The anti-hypertensives are an important & broad group of medications.
Hypertension is a very common condition that represents a significant source of morbidity and mortality. It is a major risk factor for MI, stroke and chronic kidney disease. Hypertension is managed in a step-wise fashion according to the NICE guidelines (see our Hypertension notes for more).
Several groups of drugs, by varying mechanisms, are used to reduce blood pressure.
Blood pressure is maintained by a number of physiological reflexes that respond to acute and chronic changes.
Blood pressure = cardiac output x peripheral vascular resistance
Numerous interconnected systems contribute to the regulation of blood pressure. There are both immediate and long-term mechanisms, these include:
Angiotensin-converting enzyme (ACE) inhibitors are a commonly used class of antihypertensives. They are also frequently utilised in heart failure and chronic kidney disease.
ACE inhibitors cause a reduction in circulating angiotensin II & aldosterone.
Examples: Ramipril, Lisinopril.
ACE inhibitors act by blocking the effect of ACE, causing a reduction in circulating angiotensin II. Reduction of angiotensin II has numerous effects:
A dry cough is a common side effect of ACE inhibitors. This is due to an increase in bradykinin within the lungs (ACE breaks down bradykinin).
Caution is also advised during intercurrent illnesses when using an ACE inhibitor. Their mechanism disrupts the kidneys autoregulation mechanisms and may prevent maintenance of adequate renal perfusion - resulting in an acute kidney injury (AKI). It is often advisable to stop ACE inhibitors during severe illness.
Other adverse effects include:
Calcium channel blockers (CCBs) are also a commonly used class of antihypertensives.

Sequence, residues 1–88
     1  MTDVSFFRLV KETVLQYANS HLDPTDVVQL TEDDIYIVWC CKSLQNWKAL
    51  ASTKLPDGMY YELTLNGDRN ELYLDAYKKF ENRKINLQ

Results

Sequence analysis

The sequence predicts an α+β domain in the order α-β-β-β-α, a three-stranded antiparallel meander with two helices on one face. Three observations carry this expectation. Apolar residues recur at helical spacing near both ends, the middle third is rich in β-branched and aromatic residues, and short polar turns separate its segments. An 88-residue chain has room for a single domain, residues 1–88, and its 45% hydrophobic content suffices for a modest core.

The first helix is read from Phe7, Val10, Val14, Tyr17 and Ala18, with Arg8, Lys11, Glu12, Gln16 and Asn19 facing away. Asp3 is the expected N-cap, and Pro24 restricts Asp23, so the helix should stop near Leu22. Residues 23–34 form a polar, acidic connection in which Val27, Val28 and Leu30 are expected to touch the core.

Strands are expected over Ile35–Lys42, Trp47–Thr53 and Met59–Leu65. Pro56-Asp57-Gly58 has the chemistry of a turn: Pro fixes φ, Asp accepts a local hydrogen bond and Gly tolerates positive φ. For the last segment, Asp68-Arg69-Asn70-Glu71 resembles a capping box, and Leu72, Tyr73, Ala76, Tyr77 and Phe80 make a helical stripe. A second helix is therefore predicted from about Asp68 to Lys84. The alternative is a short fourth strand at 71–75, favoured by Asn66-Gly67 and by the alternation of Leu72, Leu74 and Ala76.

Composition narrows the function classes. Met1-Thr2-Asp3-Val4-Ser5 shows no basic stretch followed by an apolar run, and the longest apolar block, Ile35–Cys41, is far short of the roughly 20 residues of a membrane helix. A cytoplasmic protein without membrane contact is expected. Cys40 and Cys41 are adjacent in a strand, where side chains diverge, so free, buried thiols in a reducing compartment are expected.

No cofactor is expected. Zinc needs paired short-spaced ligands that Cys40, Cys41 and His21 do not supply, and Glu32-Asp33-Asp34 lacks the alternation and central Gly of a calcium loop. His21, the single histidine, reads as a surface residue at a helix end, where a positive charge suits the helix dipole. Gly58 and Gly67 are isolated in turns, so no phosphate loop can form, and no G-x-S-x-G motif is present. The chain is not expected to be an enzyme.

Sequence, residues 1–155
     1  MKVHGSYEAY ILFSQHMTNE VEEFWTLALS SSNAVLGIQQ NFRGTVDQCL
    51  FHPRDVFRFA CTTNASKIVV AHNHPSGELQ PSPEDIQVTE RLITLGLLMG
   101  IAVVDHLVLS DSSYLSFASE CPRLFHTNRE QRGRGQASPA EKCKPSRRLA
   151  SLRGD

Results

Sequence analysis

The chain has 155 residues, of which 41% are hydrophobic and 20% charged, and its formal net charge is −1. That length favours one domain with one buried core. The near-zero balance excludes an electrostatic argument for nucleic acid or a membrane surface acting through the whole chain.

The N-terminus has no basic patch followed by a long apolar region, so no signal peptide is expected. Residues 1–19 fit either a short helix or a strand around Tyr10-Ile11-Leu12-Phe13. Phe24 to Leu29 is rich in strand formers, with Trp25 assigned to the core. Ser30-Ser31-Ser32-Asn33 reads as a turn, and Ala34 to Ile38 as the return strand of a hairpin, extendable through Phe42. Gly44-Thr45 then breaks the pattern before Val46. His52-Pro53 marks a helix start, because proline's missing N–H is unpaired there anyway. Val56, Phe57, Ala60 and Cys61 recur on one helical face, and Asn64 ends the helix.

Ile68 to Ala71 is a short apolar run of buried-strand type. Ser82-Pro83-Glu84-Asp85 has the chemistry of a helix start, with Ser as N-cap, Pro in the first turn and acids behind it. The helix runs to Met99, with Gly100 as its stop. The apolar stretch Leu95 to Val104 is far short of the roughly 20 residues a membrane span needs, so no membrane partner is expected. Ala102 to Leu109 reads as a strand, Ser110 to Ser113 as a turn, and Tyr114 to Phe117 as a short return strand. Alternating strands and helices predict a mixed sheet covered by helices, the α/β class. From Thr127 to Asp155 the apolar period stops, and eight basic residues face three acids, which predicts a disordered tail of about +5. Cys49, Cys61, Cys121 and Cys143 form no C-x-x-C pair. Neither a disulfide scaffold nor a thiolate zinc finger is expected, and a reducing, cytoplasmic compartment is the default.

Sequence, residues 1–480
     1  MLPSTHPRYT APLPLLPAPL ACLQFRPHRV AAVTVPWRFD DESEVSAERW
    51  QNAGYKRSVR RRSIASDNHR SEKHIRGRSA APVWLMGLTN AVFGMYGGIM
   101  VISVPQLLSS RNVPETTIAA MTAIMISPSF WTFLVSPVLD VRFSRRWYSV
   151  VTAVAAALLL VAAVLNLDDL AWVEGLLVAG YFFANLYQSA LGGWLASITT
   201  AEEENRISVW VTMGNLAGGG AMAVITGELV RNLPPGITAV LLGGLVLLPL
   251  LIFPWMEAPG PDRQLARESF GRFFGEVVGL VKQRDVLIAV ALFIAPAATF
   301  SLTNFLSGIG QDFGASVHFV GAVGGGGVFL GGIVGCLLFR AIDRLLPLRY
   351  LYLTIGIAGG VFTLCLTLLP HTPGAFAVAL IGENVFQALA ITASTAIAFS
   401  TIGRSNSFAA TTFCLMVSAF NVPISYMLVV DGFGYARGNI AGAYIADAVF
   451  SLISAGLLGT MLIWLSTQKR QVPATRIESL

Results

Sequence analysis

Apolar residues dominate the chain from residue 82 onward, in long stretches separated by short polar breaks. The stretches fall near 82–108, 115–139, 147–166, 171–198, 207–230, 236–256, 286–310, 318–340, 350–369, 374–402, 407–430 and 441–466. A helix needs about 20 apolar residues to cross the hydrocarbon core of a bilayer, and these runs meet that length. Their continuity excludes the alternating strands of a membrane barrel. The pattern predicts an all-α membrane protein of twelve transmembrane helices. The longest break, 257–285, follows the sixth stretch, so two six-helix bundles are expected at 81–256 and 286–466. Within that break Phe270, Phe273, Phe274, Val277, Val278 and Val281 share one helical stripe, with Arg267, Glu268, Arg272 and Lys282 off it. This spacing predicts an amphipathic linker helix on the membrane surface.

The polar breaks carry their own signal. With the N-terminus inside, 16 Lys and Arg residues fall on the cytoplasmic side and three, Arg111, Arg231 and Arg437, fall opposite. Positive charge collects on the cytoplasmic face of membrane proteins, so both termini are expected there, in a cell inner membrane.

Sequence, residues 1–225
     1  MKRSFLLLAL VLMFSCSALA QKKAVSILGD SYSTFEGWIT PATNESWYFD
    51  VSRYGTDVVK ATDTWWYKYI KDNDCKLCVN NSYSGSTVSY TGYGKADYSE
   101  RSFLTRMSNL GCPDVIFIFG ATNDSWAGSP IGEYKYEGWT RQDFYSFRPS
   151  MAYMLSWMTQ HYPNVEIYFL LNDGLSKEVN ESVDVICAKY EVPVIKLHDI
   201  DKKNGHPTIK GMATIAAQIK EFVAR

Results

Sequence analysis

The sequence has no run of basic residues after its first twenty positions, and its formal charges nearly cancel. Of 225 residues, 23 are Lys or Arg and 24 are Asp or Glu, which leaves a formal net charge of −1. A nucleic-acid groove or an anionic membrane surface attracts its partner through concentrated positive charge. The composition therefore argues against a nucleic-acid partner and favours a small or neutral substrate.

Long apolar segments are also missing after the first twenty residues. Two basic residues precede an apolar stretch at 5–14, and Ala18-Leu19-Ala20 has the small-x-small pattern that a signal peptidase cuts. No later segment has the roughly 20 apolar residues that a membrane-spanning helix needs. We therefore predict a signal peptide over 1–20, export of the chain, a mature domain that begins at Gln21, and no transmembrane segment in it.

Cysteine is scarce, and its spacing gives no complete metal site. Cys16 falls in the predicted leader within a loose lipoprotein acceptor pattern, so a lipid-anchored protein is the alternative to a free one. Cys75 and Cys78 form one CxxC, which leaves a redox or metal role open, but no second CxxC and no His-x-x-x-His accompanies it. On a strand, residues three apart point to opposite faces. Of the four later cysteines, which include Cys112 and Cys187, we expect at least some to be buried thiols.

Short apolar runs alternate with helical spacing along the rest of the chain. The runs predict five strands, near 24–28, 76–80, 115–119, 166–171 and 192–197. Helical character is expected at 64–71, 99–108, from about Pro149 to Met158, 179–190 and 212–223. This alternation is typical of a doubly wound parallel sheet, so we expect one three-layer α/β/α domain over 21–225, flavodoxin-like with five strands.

There are two main types of CCBs:
Dihydropyridine CCBs block the action of L-type calcium channels, which are found in vascular and cardiac tissue.
Examples: Amlodipine, Nifedipine.
CCBs block the action of voltage-gated L-type calcium channels, which are found in vascular and cardiac tissue. Within vascular smooth muscle, L-type channels permit the entry of calcium ions leading to contraction and subsequent vasoconstriction. Dihydropyridine CCBs inhibit this influx of calcium ions and induce vasodilatation, which reduces the peripheral vascular resistance.
The antihypertensive effects of thiazide diuretics are due to vasodilation, not diuretic action.
Examples: Bendroflumethiazide, Indapamide.
Thiazide diuretics act on the distal convoluted tubule (DCT) of the nephron where it inhibits the Na+/Cl- co-transporter. This prevents sodium and chloride entering the tubule cells and, therefore, water cannot follow.
This mechanism has an initial hypotensive effect, however, this is mostly abolished by the renin-angiotensin system (RAS). Instead, thiazide diuretics long-term antihypertensive effects are due to vasodilation of peripheral vasculature through a mechanism that is poorly understood.
Alpha-1 blockers act to blockade alpha-1 adrenoreceptors
Alpha-1 adrenoreceptors are found in most sympathetic tissues including vascular smooth muscle and have excitatory effects. Stimulation results in vasoconstriction.
Consequently, blockade of alpha-adrenoreceptors causes:
Beta-blockers act to reduce sympathetic activity
Examples: Propanolol, Atenolol.
Different agents may have variably selective action on beta-1 receptors (predominantly found in the heart) and beta-2 receptors (predominantly found in the lungs).
These drugs antagonise catecholamines at beta-adrenoceptors. The antihypertensive effect is mediated primarily by blockade of beta-1 adrenoreceptors. As such, they reduce the effect of the sympathetic nervous system on the heart. They, therefore, have both negative inotropic and negative chronotropic effects. That is they reduce the heart rate and the strength of contractions.
Beta-blockers cause a reduction in blood pressure through a number of mechanisms:
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